I know you’re here for my ranking of every Shudder original (we’re only ranking the movies, not their TV shows), but hold your undead horses. We’ll get to the clicky-baiting in a second. First, let me start with a preface.

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halloween review

“Adaptation.” In movies, humanity – whatever the medium – adaptation is integral to sustained longevity. Slasher films once ruled horror wavelengths from a gore-slathered throne, but have since become fossilized designs of the past. In today’s social climate, there exists less movie-watching appetites hungry for sleazy womanizing, death for death’s sake exploitation, T&A filmmaking (though not that all slice-’em-ups followed this formula). Slashers eventually died out when subgenre popularity shifted from the freewheeling ’80s into current “heightened” arthouse visions or Blumhouse/Wan-iverse strangleholds. The year is 2018 and horrors of our everyday life are darker than anything Hollywood can dream up (re: this year’s obsession with familial horror), but we’re due for a slasher renaissance and there’s one new release release primed to surge a new wave of slasher content.

David Gordon Green’s Halloween has the power to rebirth a fresh onslaught of retooled slasher films for the contemporary, conscious, bigger-thinking worldview climate of post-2010 realities. Here’s why.

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Into the Dark The Body Review

(Blumhouse Television and Hulu have partnered for a monthly horror anthology series titled Into The Dark, set to release a full holiday-themed feature the first Friday of every month. Horror anthology expert Matt Donato will be tackling the series one-by-one, stacking up the entries as they become streamable.)

Paul DavisThe Body kicks off Hulu and Blumhouse’s Into The Dark programming with an inaugural terror-tale of October’s Halloween fame. It’s no Trick ‘r Treat based on holiday immersion, yet manages to maintain a fun “evil in plain sight” vibe nonetheless. One dashingly charismatic hitman, Wilkes (Tom Bateman), has four hours to deliver his employer’s high-profile corpse if he wants to get paid. Hitches present themselves along the way – boozy parties, deflated tires, unexpected romance – but Wilkes’ stony sophistication makes everything into a game. One that innocent interveners stand no chance of winning.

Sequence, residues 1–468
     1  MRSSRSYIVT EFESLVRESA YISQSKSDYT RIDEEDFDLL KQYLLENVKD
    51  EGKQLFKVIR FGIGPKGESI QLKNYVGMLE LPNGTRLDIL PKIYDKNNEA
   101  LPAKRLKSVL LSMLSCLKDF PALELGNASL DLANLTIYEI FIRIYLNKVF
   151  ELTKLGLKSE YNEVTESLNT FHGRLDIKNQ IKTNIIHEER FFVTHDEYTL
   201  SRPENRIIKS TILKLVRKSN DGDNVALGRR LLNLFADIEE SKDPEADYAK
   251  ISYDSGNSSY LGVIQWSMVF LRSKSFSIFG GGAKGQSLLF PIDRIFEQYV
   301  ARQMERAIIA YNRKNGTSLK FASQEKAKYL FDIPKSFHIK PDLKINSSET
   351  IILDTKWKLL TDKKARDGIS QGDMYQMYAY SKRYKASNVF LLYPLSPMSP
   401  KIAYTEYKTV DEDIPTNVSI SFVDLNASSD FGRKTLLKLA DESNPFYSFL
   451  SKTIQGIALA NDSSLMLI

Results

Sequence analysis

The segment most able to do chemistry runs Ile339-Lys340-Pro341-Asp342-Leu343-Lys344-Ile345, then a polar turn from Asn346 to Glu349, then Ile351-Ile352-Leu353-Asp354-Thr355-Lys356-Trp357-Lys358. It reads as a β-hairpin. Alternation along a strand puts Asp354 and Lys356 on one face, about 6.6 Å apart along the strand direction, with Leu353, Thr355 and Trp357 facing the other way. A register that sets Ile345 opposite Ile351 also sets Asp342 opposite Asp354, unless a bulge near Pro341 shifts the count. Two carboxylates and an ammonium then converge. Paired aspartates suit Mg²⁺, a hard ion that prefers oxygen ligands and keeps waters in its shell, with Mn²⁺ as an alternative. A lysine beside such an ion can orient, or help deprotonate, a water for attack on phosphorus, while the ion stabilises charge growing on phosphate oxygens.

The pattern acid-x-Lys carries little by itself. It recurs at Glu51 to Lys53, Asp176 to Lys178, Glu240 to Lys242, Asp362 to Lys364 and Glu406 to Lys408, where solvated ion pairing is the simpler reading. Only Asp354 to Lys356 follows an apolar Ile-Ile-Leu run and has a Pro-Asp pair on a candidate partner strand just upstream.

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Girls With Balls Review

Olivier Afonso’s Girls With Balls doesn’t atone for the leery “females vs. males” horror normalization of exploitations past, but it is a slaughter-tastic midnight movie about volleyball vixens defending themselves from backwoods killers. Expect gallons of juicy redness, slack-jawed Deliverance imposters, and a campfire’s smokestack of slasher fun. Any fans of Dead & Breakfast out there? When the film’s spurs-janglin’ songster narration kicks in, you’ll be reminded of a very goofy and very familiar structure that holds novel throughout. It’s a slasher with teen spirit, a midnighter with malice, and the gory corpse counter that’s suggested – but a woman-driven riot act that reads genre representation the third degree? That aspect, oddly, lacks execution.

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may the devil take you review

Timo Tjahjanto’s May The Devil Take You has been – and will continue to be–- comparatively crowned Indonesia’s closest Evil Dead reimagining. Possessions, sub-level imprisonment, a house where pure malevolence resides and characters remain trapped. Tjahjanto wears his swankiest on-set suit and Sam Raimi mask, which at times can be quite convincing (a bit more Drag Me To Hell, even). Although, sequences can also remind of Joko Anwar’s Satan’s Slaves – which hits the streaming service Shudder on October 4 – despite Tjahjanto’s banshee scream lacking tonal subtlety. Anwar is to James Wan as Tjahjanto is to Raimi. Anwar a little more accomplished in his mission, but that doesn’t mean Tjahjanto fails to push audiences into his bloody brand of spiritual hijacking.

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Bad Times at the El Royale Review

Drew Goddard’s Bad Times At The El Royale is Tarantino Lite, but not as an insult. Crooked paths collide in the heart of Lake Tahoe’s hospitality crossroads. Drifters clutch onto secrets – in addition to the hotel’s own chequered history – and that’s expected, but buildup material is often more exciting than any elongated payoff. For a twisty border-straddling government conspiracy thriller, Goddard plays it a wee bit safe. Maybe another character stereotype or two could have livened the party up? As is, unsavory room renters are mere vessels for Vietnam war rhetoric and an inevitable gyration by virtue of Chris Hemsworth’s always-unbuttoned Abercrombie model look.

Top priority for a seedy hotel noir chiller, it appears? Read More »